Anyway, this being the time of year it is, here is a hopefully non-twee recipe for he traditional Catalan Christmas lunch dish: escudella i carn d'olla.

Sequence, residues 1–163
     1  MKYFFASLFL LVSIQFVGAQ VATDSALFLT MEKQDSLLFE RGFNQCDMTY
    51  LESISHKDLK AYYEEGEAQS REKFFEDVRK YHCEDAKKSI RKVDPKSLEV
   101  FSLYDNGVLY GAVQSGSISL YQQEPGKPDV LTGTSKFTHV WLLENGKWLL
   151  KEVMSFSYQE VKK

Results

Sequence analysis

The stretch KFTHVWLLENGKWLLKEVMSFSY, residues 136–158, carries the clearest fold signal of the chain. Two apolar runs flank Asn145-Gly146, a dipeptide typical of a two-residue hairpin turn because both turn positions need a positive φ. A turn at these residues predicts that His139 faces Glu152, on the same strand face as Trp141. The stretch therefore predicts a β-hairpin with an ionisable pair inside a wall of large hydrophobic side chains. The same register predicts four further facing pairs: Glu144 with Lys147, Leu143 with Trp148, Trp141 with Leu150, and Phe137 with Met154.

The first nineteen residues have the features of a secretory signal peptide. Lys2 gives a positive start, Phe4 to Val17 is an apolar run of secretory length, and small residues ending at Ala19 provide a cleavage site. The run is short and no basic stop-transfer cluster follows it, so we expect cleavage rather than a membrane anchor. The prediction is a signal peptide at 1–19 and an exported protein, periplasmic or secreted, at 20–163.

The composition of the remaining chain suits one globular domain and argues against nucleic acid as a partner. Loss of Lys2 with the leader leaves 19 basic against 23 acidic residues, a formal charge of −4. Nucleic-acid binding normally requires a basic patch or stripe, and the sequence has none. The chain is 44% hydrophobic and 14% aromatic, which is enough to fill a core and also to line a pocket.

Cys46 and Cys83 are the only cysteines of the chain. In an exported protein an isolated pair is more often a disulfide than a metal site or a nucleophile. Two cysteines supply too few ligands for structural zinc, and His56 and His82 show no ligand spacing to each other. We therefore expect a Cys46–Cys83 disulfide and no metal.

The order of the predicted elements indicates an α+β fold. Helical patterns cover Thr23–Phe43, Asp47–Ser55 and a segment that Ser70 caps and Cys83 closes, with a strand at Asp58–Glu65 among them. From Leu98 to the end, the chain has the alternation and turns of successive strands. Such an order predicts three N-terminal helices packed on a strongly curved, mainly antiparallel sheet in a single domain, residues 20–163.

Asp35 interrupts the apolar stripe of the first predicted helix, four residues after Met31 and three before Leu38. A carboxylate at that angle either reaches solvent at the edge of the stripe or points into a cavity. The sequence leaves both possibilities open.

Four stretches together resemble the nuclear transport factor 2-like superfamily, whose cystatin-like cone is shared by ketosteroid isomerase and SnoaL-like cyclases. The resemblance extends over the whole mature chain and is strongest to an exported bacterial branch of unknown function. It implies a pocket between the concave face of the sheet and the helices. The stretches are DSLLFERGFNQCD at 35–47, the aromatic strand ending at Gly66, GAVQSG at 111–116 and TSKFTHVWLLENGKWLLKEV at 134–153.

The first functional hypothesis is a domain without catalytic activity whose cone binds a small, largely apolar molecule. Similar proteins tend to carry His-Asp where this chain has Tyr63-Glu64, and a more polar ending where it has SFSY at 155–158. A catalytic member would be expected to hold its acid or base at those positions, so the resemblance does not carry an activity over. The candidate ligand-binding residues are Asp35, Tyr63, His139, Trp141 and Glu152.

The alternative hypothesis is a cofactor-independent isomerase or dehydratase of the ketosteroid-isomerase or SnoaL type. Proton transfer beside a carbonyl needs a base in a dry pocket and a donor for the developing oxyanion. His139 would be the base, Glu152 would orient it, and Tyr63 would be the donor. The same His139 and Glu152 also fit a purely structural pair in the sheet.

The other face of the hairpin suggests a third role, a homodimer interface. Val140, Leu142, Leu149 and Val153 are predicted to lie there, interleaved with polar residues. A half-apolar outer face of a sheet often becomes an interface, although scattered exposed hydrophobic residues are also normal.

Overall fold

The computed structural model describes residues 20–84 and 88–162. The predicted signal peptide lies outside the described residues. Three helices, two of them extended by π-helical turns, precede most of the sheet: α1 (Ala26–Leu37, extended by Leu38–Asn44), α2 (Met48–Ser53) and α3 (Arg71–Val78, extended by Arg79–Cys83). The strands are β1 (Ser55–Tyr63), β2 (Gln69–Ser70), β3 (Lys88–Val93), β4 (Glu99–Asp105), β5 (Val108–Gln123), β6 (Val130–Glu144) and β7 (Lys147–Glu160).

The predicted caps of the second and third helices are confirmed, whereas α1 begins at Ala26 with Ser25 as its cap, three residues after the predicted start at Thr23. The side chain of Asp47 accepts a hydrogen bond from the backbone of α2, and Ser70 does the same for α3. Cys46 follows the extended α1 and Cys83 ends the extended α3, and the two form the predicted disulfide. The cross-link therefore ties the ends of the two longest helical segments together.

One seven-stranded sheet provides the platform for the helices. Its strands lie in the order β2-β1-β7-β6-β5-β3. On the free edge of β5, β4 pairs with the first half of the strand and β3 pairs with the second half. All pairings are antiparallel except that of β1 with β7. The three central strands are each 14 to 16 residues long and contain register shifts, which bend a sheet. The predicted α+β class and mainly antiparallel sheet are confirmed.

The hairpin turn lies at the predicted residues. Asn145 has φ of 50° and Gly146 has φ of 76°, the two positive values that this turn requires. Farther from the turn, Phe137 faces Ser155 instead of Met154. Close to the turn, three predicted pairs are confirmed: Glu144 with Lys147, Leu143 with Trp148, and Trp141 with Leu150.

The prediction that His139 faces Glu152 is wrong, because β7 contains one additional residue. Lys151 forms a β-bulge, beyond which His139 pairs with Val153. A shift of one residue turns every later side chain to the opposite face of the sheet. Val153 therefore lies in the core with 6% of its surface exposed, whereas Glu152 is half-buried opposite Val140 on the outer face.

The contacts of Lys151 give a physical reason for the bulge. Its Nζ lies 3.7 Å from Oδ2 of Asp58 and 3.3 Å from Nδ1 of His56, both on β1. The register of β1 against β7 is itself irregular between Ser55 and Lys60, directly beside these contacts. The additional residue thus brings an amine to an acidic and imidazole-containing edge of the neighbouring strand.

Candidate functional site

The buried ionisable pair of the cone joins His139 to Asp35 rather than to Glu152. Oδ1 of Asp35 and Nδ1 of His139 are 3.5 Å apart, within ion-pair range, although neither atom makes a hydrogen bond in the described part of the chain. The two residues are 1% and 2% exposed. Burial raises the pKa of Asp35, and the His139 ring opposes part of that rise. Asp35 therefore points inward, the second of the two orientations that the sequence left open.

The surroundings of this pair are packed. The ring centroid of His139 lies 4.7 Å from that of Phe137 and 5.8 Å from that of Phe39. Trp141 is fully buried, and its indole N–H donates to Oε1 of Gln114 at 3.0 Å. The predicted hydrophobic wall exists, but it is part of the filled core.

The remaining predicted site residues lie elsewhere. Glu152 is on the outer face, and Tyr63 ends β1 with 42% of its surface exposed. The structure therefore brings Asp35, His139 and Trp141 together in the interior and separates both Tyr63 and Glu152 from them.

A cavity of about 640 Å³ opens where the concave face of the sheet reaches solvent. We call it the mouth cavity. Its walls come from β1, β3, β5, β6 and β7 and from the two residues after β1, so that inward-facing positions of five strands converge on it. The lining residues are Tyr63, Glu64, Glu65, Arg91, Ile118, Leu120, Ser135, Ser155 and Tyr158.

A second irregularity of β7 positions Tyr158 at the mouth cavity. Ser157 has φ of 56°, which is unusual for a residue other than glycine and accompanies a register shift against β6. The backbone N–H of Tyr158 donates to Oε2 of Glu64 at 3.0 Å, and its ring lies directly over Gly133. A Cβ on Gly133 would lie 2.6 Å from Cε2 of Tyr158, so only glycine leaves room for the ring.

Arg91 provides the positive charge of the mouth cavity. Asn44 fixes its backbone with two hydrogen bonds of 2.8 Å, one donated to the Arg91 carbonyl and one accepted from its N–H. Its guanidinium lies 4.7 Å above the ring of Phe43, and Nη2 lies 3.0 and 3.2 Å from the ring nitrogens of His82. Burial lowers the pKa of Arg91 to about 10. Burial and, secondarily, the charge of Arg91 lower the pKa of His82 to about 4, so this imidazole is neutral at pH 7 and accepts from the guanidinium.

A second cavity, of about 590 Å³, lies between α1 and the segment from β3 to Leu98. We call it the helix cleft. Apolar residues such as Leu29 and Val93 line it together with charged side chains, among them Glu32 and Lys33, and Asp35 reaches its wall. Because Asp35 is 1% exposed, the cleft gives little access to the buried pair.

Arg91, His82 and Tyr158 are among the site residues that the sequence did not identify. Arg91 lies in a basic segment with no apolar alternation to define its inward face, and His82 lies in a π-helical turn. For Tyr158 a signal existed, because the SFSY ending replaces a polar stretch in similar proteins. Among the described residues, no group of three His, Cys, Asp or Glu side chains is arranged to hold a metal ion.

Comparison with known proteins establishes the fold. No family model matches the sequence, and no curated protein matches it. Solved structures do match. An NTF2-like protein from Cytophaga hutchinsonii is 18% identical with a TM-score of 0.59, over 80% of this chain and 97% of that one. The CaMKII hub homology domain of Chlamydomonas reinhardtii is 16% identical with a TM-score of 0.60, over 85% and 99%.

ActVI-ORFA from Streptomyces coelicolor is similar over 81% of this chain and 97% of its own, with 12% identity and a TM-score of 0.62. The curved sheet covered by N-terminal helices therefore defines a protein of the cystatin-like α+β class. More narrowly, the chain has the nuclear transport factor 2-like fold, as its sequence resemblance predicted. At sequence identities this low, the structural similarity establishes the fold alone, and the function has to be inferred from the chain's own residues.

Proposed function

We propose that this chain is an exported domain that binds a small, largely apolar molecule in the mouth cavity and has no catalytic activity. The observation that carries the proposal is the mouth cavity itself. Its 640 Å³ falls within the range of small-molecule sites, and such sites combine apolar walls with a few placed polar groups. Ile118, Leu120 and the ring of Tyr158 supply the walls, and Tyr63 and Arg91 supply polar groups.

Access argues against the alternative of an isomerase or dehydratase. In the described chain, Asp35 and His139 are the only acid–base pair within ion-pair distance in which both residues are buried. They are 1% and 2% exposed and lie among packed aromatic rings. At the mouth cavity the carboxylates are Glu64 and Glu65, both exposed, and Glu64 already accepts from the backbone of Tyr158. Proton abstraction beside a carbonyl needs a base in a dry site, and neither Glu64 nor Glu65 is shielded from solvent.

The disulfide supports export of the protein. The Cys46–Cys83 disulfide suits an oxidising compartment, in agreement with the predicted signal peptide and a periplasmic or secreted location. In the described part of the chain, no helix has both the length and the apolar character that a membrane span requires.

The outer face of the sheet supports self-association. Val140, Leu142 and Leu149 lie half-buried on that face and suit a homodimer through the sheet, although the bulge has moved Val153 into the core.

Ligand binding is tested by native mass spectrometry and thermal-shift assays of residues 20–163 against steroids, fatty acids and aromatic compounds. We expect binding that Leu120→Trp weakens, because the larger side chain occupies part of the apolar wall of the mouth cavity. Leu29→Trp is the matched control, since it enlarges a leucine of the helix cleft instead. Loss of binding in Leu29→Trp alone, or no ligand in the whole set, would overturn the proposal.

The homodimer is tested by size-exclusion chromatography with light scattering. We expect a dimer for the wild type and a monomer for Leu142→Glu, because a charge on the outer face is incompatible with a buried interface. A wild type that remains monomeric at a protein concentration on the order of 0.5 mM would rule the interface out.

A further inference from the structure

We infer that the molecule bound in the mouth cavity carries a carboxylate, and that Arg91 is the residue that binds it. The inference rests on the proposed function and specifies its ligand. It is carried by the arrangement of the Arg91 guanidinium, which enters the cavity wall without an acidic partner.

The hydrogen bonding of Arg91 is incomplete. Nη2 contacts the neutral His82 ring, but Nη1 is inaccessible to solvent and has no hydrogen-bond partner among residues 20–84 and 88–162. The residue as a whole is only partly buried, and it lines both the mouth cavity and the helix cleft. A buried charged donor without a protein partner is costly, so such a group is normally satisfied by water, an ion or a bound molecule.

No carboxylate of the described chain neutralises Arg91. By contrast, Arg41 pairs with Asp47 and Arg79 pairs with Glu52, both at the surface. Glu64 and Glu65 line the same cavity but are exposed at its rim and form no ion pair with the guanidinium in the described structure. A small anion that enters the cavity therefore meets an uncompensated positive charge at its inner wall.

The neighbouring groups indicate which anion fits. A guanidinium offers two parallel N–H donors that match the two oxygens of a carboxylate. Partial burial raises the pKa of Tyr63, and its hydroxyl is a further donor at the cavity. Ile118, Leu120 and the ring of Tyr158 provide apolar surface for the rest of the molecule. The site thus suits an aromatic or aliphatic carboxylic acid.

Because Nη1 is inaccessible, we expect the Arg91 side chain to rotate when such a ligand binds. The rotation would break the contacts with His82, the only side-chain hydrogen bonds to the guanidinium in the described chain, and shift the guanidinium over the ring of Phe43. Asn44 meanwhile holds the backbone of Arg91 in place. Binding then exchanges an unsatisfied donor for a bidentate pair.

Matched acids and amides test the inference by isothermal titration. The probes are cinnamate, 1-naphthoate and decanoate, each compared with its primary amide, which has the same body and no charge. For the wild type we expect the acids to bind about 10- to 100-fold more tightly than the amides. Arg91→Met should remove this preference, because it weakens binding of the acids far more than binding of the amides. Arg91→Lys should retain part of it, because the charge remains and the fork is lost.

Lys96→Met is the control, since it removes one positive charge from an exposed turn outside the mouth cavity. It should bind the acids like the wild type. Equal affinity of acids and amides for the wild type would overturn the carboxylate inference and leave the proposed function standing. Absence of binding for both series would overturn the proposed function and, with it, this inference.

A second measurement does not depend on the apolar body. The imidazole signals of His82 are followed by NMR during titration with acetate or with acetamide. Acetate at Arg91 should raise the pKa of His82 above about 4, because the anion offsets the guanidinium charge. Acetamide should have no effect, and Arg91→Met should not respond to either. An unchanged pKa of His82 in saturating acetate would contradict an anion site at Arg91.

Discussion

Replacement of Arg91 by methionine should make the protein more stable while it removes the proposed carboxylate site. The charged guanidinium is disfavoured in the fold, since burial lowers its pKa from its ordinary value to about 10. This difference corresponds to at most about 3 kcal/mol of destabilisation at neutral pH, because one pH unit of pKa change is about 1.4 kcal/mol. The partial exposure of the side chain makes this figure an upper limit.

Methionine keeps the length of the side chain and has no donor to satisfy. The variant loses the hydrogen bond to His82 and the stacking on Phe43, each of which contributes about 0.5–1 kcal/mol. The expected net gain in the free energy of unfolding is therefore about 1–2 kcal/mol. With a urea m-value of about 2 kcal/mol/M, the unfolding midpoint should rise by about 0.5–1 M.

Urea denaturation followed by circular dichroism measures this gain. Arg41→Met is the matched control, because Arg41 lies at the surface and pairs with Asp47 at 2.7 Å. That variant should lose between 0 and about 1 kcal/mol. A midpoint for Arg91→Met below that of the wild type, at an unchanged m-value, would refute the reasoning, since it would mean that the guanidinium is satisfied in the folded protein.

When waiting in London's Gatwick airport for the plane home, I never know what to bring back with me, seeing as how all English products can now be found in Catalonia (except fudge). I usually end up buying cookery magazines, of which there is a huge range in the UK. But once I've made it past the tasty looking covers, I end up finding the recipes unbearably twee. Take this tip from 'Delicious' magazine, for example: 'This dish screams out for a glass of dry cider'. Or: 'For the puds, make a truly divine match with a small glass of nutty tawny port.' Or this, from 'Taste Italia': 'Bucatini pasta...is often used with hearty meat sauces'. All that's missing – in this orgy of pathetic fallacy – is for the screaming dish and the nutty port to go out on a blind date with the hearty sauces. Even the ingredient descriptions can cause the odd wince: 'drizzle olive oil' ('drizzle' being used here as an adjective); 'runny honey'; 'biscuits, coarsely chopped', 'lemon, zested' (?). Anyway, this being the time of year it is, here is a hopefully non-twee recipe for he traditional Catalan Christmas lunch dish: escudella i carn d'olla. Go to the meat counter at any market and buy a chunk of bacon, a pig's ear, half a kilo of veal, half a chicken, black sausage, pig and calf bones, and one ready-made pilota de carn d'olla, which is an oversized meatball made of minced pork, egg, garlic, parsley and breadcrumbs. Then move to the vegetable stand and buy chickpeas, carrots, cabbage, potatoes and turnips, all in moderate quantities. Go home. Put six litres of water on to boil and add the veal, chicken, bacon, ear and bones. Simmer for an hour and a half, then add the cabbage, the black sausage, the oversized meatball, the chickpeas, and the vegetables. Once everything is cooked through, separate the solid ingredients from the broth by pouring it all through a colander. Put the broth back on to boil and add a few galets (which are large, snail-shaped pieces of pasta available at all supermarkets in December). Cook the pasta. Serve the broth. Place the meat and vegetables together on a large plate and - once you've finished the soup - serve them in their turn. Bear in mind that next Christmas you could be eating all this in a free country. Which might improve the taste even more.